Usually you wouldn’t imagine convention guests would be exploring the show floor. However, if you looked carefully when going through the different booths and stages at BookCon, you just might have found Kendare Blake looking around. You would have been as pleasantly surprised as I was to know that she loved the slap bracelets that were given away in front of a poster for Renegades by Marissa Meyer — she’s actually harboring hope to have poisoner-themed snap bracelets made.
Kendare was kind enough to set aside some time to speak with Fictionist, before she had to leave for an event later that evening. Please read on to read the full Q&A.
Since you’ve been to cons before, what kind of strange things have you seen at Bookcon/other cons in general?
I’ve been to a lot of cons. I’ve done San Diego Comic Con, new York Comic Con a couple of times, Chicago Comic Con, Book Con twice, maybe three times now. And I’ve also been to Eevee Con, and some of the others, like the Library Association Convention. It has a surprising amount of craziness, and a surprising amount of fun. You wouldn’t think that librarians know how to party, but you know what? They really do. As far as craziness, though, I haven’t seen that much. It’s just mostly a gathering of bookish folk who, if that’s what they want to do, they want to get together to talk about books, they want to dress up like book characters, and that’s great. So there hasn’t been any drama. I’m trying to think — I had to have seen something crazy, at some point. Especially in San Diego, there had to have been something nuts, but I’m blanking out. Obviously the costumes in San Diego are the best.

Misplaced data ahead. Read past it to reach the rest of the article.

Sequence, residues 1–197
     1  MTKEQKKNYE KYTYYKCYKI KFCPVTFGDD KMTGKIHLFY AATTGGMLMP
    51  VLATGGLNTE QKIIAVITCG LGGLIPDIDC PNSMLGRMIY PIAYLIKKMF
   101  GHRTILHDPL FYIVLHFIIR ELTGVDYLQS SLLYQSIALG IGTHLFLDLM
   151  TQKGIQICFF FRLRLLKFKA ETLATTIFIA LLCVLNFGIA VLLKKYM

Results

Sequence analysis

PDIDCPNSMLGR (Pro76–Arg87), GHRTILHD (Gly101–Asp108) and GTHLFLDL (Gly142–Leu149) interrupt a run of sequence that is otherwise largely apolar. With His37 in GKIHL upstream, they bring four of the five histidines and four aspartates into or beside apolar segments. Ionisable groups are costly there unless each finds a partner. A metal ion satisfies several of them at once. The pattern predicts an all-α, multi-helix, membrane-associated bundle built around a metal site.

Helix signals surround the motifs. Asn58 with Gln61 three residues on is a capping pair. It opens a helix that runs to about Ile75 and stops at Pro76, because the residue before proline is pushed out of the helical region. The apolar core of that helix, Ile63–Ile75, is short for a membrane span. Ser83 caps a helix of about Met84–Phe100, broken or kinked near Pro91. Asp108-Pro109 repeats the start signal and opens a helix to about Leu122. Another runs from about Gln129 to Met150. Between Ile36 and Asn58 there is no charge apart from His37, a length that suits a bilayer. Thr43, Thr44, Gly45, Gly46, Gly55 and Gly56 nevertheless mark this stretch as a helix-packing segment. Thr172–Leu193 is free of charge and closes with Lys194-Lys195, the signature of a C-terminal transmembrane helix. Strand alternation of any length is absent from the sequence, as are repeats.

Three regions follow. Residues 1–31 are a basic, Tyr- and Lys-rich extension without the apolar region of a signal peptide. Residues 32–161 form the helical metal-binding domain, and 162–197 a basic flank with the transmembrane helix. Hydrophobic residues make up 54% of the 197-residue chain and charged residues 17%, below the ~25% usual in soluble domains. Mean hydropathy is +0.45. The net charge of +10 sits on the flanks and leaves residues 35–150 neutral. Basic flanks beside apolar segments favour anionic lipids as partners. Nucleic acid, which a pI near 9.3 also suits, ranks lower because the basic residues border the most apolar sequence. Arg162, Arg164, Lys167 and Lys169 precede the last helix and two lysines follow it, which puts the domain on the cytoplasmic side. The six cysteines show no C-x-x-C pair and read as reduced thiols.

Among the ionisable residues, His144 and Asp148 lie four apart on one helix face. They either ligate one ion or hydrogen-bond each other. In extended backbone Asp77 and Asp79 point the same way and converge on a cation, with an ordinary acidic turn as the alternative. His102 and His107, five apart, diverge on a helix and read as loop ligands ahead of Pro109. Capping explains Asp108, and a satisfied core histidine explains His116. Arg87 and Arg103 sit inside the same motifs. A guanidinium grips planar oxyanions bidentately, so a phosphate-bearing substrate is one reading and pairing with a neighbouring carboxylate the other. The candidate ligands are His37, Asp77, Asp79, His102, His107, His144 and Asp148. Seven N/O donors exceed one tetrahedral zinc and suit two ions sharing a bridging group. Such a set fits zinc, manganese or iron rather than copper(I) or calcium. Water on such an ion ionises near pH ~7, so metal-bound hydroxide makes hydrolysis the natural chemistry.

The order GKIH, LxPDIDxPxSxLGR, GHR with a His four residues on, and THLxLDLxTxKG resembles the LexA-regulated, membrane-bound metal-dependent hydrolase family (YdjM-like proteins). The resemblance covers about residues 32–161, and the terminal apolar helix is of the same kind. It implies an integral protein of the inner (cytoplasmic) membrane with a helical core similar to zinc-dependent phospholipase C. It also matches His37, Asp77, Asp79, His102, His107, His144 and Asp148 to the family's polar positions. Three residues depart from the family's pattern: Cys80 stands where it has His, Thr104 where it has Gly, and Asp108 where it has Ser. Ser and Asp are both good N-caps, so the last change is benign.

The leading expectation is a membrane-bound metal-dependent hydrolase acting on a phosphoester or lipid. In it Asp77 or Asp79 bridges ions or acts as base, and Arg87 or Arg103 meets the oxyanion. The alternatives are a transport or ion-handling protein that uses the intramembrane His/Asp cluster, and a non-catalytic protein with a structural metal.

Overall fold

Because they’re so extravagant?
Yeah! They’re so professional. It’s crazy, cosplayers today, it drives me crazy what they can do with makeup and the quality of their props. I mean, it’s not like slapping on a Halloween costume anymore, you gotta go for it. You know those little bikes that people pull you around on, they had those made up to look like the iron throne from Game of Thrones, which was really fun, I just wanted to ride around in that all week.
Have you read or finished any books recently?